Economic Viewpoint

Spearhead Analysis – 21.02.2019

By Farrukh Karamat
Senior Research Coordinator, Spearhead Research

Mr. Tariq Bajwa, the Governor of the State Bank of Pakistan (SBP) has categorically stated that Pakistan is out of the woods on the financial front after having received assistance from the ‘friendly’ countries. As per him the economic uncertainty has ended and the right path has been set to meet the economic challenges. It is time to be optimistic based on these comments as the lingering uncertainty seems to have ended as the nation marches towards a progressive Pakistan. The Governor explained that the issue of the current account deficit had been managed through assistance received from friendly countries that Pakistan government approached post-elections and the as a result the issue of the external deficit has been addressed. In addition, he asserted that a plan had been prepared and is being put in place to resolve the current account deficit, though it remains a hurdle as government continues to ponder over the bail-out package from the International Monetary Fund (IMF).

The reality is that Pakistan’s fiscal deficit crossed 2.7 per cent of the Gross Domestic Product (GDP) during the period July-December 2018, which is the highest in eight years. The fiscal deficit during the period amounted to Rs.1.029 Trillion, up 30 per cent over the same period of the last fiscal year. The government has cut down on its development spending and net lending by 36 per cent in an effort to manage the deficit as interest servicing increased by 32 per cent and defence expenditures rose by 22 per cent. The rise in these expenditures has left the government with little room for infrastructure development and social sector spending. This would in turn negatively impact the standard of living of the people and the growth rate of the economy in the short-to-medium term.

Six Month Performance in the first half of FY2019:

  • The total interest servicing cost was Rs.877 Billion (FY2018: Rs.751 Billion), at 2.3 per cent of GDP (FY2018: 2.1 per cent of GDP).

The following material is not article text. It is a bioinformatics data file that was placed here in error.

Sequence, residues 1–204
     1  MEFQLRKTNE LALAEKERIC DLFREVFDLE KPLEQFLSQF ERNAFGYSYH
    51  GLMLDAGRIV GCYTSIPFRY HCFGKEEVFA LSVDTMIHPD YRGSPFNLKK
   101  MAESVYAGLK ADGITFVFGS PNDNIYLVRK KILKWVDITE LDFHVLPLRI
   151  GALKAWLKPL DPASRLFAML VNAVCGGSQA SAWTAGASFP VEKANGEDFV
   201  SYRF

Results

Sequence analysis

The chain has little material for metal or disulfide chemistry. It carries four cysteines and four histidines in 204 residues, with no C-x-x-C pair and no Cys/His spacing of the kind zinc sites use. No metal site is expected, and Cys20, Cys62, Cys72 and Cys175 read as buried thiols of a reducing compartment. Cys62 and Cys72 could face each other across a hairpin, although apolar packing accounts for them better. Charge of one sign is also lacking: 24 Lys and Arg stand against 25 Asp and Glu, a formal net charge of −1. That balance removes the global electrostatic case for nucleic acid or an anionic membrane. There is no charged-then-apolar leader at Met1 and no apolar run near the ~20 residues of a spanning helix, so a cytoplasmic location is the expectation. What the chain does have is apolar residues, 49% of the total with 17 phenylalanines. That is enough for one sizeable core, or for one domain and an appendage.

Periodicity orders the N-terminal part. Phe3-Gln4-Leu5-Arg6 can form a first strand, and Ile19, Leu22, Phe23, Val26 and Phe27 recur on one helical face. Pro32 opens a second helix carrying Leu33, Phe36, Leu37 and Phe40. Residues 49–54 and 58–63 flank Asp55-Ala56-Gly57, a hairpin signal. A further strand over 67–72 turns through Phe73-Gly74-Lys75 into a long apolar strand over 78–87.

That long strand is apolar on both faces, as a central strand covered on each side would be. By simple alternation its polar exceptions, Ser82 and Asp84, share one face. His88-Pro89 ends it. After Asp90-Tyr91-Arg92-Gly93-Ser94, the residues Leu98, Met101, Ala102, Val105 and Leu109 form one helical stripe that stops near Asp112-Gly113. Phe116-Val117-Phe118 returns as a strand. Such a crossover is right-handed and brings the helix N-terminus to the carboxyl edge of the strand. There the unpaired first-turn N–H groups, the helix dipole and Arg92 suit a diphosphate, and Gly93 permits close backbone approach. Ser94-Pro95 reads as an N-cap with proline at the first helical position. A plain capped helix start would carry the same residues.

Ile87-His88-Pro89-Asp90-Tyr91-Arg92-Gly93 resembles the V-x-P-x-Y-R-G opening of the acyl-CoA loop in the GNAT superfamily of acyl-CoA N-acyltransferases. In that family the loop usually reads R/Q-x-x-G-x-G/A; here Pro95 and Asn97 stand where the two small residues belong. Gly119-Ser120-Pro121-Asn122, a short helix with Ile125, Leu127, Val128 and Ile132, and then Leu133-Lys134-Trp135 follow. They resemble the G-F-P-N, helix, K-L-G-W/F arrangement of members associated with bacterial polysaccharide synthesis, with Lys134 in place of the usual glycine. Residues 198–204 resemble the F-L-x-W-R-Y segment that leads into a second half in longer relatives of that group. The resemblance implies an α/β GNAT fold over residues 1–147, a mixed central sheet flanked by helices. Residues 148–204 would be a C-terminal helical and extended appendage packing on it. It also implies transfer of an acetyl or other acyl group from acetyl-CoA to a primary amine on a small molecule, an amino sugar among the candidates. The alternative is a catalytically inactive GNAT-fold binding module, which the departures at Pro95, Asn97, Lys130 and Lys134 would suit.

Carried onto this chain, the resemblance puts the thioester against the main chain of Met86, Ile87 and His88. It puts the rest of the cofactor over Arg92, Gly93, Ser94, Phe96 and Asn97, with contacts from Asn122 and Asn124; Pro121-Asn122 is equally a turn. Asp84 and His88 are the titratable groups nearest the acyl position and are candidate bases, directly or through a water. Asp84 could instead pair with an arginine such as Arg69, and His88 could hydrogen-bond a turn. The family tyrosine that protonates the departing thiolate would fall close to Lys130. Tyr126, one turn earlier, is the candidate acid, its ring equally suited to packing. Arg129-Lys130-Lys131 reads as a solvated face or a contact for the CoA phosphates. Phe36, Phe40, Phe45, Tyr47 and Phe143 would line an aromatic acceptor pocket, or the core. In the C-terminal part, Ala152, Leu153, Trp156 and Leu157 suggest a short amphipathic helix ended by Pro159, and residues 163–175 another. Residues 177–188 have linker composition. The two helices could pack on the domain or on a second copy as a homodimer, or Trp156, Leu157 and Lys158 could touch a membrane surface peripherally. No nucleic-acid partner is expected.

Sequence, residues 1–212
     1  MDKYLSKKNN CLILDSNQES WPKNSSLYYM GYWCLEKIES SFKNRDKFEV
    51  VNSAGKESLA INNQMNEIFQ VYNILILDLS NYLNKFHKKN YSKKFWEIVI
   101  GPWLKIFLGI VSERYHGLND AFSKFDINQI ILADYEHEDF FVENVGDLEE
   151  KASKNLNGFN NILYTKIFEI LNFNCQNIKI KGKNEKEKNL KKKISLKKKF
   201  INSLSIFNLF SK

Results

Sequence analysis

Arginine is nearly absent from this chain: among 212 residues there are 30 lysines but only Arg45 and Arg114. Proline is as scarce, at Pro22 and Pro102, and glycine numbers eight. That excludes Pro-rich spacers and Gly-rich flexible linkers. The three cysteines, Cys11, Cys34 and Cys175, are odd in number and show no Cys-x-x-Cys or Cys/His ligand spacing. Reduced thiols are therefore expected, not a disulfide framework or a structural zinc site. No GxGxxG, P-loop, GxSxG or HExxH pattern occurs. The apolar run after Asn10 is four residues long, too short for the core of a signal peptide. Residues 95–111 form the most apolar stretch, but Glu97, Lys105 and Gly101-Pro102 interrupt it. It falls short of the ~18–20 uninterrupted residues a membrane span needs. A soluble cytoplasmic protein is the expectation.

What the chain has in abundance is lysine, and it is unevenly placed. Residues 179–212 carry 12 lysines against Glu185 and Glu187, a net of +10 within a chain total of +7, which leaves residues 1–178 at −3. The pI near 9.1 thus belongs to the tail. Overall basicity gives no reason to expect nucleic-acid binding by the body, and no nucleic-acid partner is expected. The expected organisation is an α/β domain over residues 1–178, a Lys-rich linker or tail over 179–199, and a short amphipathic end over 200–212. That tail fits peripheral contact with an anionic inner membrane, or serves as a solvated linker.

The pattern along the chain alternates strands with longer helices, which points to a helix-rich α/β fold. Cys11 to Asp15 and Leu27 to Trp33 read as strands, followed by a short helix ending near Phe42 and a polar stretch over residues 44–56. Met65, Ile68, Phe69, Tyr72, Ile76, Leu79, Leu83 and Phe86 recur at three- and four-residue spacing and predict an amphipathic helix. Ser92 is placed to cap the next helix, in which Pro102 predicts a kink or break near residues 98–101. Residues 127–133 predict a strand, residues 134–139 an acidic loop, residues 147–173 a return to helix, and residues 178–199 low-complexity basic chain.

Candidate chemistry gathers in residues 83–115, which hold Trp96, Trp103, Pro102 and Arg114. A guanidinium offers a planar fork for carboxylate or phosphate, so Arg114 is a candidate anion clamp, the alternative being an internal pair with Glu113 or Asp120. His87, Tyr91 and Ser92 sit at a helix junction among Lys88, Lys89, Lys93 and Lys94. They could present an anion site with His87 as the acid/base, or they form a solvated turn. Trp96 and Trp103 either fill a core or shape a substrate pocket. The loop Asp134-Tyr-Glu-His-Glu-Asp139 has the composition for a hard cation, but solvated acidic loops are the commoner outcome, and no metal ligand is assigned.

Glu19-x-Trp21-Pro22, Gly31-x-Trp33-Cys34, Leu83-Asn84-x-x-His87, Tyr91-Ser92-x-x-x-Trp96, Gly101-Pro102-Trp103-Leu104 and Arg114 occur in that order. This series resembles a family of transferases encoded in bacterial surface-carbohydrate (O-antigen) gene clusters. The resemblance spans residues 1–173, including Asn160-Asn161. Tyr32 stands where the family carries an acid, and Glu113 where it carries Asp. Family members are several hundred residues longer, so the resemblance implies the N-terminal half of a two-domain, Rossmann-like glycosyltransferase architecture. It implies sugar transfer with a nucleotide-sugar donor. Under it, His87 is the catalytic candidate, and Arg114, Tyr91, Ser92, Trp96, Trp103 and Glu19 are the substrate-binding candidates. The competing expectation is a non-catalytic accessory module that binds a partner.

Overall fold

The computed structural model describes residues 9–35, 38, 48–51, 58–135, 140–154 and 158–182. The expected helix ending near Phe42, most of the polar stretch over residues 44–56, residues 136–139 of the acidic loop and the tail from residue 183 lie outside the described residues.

• The total defence expenditure was Rs.479.6 Billion (FY2018: Rs.393 Billion), at 1.2 per cent of GDP (FY2018; 1.1 per cent of GDP).
  • The Public Sector Development Programme (PSDP) spending dipped to Rs.328 Billion (FY2018: Rs.520 Billion), down 37 per cent at 1 per cent of GDP (FY2018: 1.6 per cent of GDP).
  • The total expenditure in FY2019 was Rs.3.36 Trillion (FY2018: Rs.3.18 Trillion), up 5.5 per cent at 8.7 per cent of GDP (FY2018: 8.9 per cent of GDP).
  • The current expenditure in FY2019 was Rs.2.98 Trillion (FY2018: Rs.2.55 Trillion) up 18 per cent, at 7.8 per cent of GDP (FY2018: 7.1 per cent of GDP).
  • The total revenue collection at Rs.2.33 Trillion was 6.1 per cent of GDP in FY2019 (FY2018: 6.6 per cent of GDP at Rs.2.38 Trillion).
  • Tax revenue at Rs.2.08 trillion was 5.4 per cent of GDP in FY2019 (FY2018: 5.6 per cent of GDP at Rs.2.03 Trillion).
  • The non-tax revenue at Rs. 245 Billion was 0.6 per cent GDP in FY2019 (FY2018: 1 per cent of GDP at Rs.358 Billion).

The fact is that the financial indicators continued to deteriorate in the six months of the current fiscal year as the government focused on achieving short-term stability on the macroeconomic front. The lack of clarity on a long-term plan for economic revival is resulting in creating ongoing uncertainty, as reflected in the stagnant performance of the Pakistan Stock Exchange. While the efforts to diversify the inward investment away from China to the Middle East is a laudable step, there is a time lag till those investments materialize and there could be costs involved beyond mere economics which could have repercussions for national security. The recent incidents in Iran and India have made Pakistan a target, which could carry economic costs – India has already withdrawn the MFN status for Pakistan and imposed a 200 per cent import duty for goods from Pakistan. This will have an impact on exports from Pakistan, while India has also decided to restrict exports to Pakistan and this could in particular result in food price inflation in Pakistan through rise in price of basic staples.

Economics, politics and security are intertwined and Pakistan needs to assess its position carefully given its relatively fragile financial and economic condition. As it is inflation continues to rise translating into a higher cost of living in the face of higher prices for most commodities and utilities. The recent rating downgrades and lower growth projections are creating an environment that is not conducive for investment, as evidenced by the low levels of FDI coming into the country. It is imperative that the Government charts out a clearly spelt out long-term economic plan and that it concludes the negotiations with the IMF to start the much-needed process for reform and change, as envisioned by the PTI leadership in their pre-election rhetoric.

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